Tri-Cities, Neb. (KSNB) - Reducing crime is every officer's goal and in the Tri-Cities our officers are working to do just that. Theft is the top crime.
One man, James Moore, is a victim of theft who has spent thousands of dollars to replace stolen items.
Moore has owned his company Moore Drywall for about 25 years and on and off for ten years one of his workers was stealing from him.
"Set me back when people steal stuff it's not like I have another set of tools in the back seat of the car or anything, Moore said.
He adds he only received about $1200 worth of items back.
Moore even had one of his pickups stolen by another worker.
Theft not only affects businesses, but also individuals.
In Hastings theft from vehicles is number one, but it's also a problem in Grand Island and Kearney
Most thefts happen from car doors being unlocked and anything of value can be taken.
In most cases, these crimes can be prevented.
"Taking the opportunity or the target away from the criminal," Captain Mike Kirkwood with the Kearney Police Department said. "You either lock the cars, if you do have to leave valuables in the car put them in the trunk and if you don't have a trunk, put them in the house, wherever you are going."
Shoplifting is number one in Grand Island and Kearney.
"If you look at items in the store, a lot of high-end items are kept under lock and key or there are some safe guards, so a lot of the things that are shoplifted are those things that are a little more easily accessible," Capt. Jim Duering with the Grand Island Police Department said. "One of the reasons I think shoplifting gets reported a lot, is because our local retailers make it a point to put people in the stores to try to catch shoplifters."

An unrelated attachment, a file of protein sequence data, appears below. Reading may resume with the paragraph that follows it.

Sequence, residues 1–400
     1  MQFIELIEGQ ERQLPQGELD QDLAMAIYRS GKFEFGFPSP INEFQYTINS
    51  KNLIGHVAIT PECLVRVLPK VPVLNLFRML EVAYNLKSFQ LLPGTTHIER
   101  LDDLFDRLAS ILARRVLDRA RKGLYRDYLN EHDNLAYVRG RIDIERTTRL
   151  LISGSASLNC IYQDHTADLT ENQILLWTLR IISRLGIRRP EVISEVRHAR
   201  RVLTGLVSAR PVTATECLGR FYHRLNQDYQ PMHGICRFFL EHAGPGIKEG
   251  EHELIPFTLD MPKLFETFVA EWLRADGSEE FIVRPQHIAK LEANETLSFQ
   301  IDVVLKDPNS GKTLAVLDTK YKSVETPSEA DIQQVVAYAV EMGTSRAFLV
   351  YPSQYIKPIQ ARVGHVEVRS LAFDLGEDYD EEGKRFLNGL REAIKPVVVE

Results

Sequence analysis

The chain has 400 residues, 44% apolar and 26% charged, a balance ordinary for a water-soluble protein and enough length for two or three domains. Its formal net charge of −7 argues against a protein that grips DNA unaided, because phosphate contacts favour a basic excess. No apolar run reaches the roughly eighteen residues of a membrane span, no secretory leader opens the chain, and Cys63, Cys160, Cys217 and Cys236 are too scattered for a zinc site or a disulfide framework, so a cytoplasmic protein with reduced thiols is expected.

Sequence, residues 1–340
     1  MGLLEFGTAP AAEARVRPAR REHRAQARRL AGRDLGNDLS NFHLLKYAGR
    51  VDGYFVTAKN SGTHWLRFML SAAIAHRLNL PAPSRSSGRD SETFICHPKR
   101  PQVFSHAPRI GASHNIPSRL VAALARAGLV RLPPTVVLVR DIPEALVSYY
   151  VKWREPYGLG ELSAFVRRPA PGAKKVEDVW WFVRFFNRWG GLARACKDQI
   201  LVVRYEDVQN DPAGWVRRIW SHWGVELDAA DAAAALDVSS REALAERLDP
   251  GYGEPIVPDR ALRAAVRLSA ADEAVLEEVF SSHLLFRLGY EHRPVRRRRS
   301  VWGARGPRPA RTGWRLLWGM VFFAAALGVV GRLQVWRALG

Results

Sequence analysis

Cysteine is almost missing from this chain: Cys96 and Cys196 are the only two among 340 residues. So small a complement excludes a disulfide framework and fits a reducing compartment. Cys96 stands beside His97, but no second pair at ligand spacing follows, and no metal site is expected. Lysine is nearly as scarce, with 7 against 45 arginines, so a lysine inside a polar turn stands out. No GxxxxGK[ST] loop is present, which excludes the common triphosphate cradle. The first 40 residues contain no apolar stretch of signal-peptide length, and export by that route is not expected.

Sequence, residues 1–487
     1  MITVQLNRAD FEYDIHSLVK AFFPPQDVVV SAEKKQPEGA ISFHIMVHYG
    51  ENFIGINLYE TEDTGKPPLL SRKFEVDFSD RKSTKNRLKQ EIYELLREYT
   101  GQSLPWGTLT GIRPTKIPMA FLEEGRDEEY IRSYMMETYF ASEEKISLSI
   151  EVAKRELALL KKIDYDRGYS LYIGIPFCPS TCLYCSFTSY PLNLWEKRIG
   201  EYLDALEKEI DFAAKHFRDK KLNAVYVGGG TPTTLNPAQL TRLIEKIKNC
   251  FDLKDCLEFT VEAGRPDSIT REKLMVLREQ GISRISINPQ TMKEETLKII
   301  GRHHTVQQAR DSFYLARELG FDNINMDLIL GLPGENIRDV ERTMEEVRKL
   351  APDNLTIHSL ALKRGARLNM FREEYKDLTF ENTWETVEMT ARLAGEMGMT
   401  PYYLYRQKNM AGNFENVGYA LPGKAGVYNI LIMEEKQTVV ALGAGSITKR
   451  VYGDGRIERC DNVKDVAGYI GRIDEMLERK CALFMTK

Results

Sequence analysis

Vandalism and drugs are other crimes that impact the Tri-Cities and from a police perspective, some of the crimes, not all, can be connected.
"Drug crimes fuel the thefts," Hessler said. "Drugs are expensive and people needs some kind of currency to obtain those drugs." "Drugs have the ability to change people behaviors and some people get violent and that leads to assaults," he added.
Police are working hard to reduce crime.
Officers are also looking into designing and constructing buildings differently in the future.
"Environmental design of neighborhoods, homes and retailers that can do away with some of the property crimes or prevent opportunistic crimes are one of the things that we would like to get involved in," Duering said. "With violent crimes, just looking at motivating factors, community interaction and some of those things."
Officials want to remind people to report any crime or suspicious activity they may see to local law enforcement.